Relaxing at Yukou
Yukou is a spa located in the Osato area where old-fashioned houses with round stone walls exist in plenty. It is the place to visit for a full-fledged relaxation experience, which is what we got. The treatment room is large and calming, and you feel the relaxation set in by just lying on the comfortable sheets. I had a head massage and soon fell asleep from the overwhelming comfort; it’s that good!
The masseuse also places warm cobblestones on your back or stomach, which reminded me of the Hawaii Lomi Lomi massage. The stones add to the healing pleasure and work wonders for a tired body! We rounded off the session with special Hachijojima herbal tea, and the experience is one will never forget. I’ll definitely recommend this to my friends if they visit Hachijo.
Nature Guide “Shiinoki”
There are many ways to enjoy Hachijojima’s outdoor activities, but I’d say that the best option is through a guided tour of the unique nature. The island’s natural history is different from what mainland Tokyo has to offer, and these tours provide interesting answers to the differences in addition to quiet nature walks. It’s like a two-in-one package of learning and sightseeing!
Our nature guide for the day was Yuriko Orui, who moved to the island more than 20 years ago. When she’s not leading people on nature walks, she tutors one-on-one diving classes and offers beach snorkelling guides that involve searching for beautiful sea turtles.
Yuriko took us on a cobblestone tour of Yokoma Beach where we got to learn how the stones are formed as the waves hit against them. We also uncovered the importance of these boulders to the people of Hachijojima, who use them for making wishes and dedications in a shrine at the top of Mt. Hachijo Fuji. The mountain has surprisingly large cobblestones, but we were able to climb it and see the shrine at the summit.
From the coast, I headed to Osato area where cobblestone lines the streets and walls. The walk felt like we had travelled back in time to the old days when the Hachijojima government office was still located here. The building is now gone, but I feel there should be a renovation project to recreate the old government office and commemorate it as a heritage site.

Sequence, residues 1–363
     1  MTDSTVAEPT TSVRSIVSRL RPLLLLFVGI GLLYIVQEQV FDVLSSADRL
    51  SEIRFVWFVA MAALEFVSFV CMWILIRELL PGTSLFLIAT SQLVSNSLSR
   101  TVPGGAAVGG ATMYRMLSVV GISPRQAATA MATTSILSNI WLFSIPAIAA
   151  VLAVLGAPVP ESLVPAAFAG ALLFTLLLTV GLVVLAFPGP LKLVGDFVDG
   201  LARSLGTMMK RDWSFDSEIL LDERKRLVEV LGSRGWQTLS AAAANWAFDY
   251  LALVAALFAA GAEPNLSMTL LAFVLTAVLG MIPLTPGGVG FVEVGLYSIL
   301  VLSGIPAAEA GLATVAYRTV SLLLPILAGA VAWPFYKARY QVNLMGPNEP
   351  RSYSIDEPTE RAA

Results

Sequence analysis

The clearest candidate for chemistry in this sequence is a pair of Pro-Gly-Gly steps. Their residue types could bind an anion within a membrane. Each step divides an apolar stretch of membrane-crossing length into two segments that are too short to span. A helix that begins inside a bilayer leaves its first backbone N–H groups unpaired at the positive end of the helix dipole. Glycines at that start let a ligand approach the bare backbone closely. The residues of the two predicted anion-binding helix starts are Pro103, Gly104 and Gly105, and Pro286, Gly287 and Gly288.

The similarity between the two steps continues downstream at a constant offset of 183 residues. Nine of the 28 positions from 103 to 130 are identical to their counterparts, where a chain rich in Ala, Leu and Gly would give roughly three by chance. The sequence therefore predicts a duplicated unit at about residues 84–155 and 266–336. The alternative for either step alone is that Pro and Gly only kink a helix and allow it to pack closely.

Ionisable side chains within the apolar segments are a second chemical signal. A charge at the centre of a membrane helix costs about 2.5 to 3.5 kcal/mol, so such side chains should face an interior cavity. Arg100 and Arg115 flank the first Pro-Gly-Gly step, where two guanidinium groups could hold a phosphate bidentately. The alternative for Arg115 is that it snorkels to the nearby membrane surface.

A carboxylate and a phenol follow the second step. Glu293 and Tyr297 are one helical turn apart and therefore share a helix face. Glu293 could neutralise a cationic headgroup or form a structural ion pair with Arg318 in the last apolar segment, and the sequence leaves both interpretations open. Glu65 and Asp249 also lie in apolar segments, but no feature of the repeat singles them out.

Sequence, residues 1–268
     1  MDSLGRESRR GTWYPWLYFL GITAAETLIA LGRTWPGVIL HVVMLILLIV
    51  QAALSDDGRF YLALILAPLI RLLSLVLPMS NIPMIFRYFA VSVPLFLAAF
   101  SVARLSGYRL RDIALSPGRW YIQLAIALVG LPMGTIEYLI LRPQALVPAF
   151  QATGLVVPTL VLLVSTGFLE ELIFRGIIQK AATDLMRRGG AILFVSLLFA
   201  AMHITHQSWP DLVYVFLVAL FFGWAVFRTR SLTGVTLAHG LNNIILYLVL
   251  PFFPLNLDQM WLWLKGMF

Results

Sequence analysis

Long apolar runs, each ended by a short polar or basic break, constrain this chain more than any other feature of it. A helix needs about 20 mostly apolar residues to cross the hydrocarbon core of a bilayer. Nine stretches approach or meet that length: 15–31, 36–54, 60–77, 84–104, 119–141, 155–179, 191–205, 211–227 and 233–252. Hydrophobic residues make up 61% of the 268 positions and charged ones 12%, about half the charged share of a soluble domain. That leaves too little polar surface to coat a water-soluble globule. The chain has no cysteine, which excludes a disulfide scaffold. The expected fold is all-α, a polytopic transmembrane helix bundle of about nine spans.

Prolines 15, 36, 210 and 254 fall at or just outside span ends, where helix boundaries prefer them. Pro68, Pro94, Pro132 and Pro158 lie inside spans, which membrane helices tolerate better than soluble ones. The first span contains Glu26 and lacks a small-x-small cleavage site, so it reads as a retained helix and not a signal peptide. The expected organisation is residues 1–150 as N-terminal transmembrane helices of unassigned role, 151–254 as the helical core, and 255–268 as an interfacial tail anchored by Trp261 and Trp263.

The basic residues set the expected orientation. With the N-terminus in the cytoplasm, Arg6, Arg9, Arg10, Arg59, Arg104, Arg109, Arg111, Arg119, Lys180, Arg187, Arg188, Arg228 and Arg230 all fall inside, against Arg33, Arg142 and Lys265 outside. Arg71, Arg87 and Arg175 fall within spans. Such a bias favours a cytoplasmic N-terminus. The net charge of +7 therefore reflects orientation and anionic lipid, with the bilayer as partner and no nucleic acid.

Mt. Hachijo Fuji
Climbing Hachijo Fuji is an experience like no other; it is hard, but the views from the peak are very rewarding. The mountain towers 854.3 metres and our climb started at the mountain trail on the 8th station which we got to by car. There are a total of 1280 stone steps between the top and the station, and you have to balance your pace so that you don’t go too fast and tire yourself out along the way.
We made the climb with our nature guide Ms Orui, and her stories about Hachijojima nature and roadside plants provided good company as we scaled the mountain and during breaks. The weather was excellent on the day, which made the scenery from the summit stunning and spectacular. It takes a great deal of effort to reach the top, but the 360-degree views overlooking the ocean and rocks made it worthwhile. Since Hachijojima is a volcanic mountain, there was a lovely caldera lake called “Ohachi-Meguri” at the summit that made for a nice stroll, looking into the waters and the lovely landscape beyond it. Walking the mountain peaks is a little adventure in itself given their jugged nature, however, these are punctuated by beautiful sights wherever you look!
The wind was strong, so I had a little trouble standing upright, but our nature guide had done this climb several times before and she offered great advice on how to handle the weather. She made the peaks and strong wind seem so harmless and fun!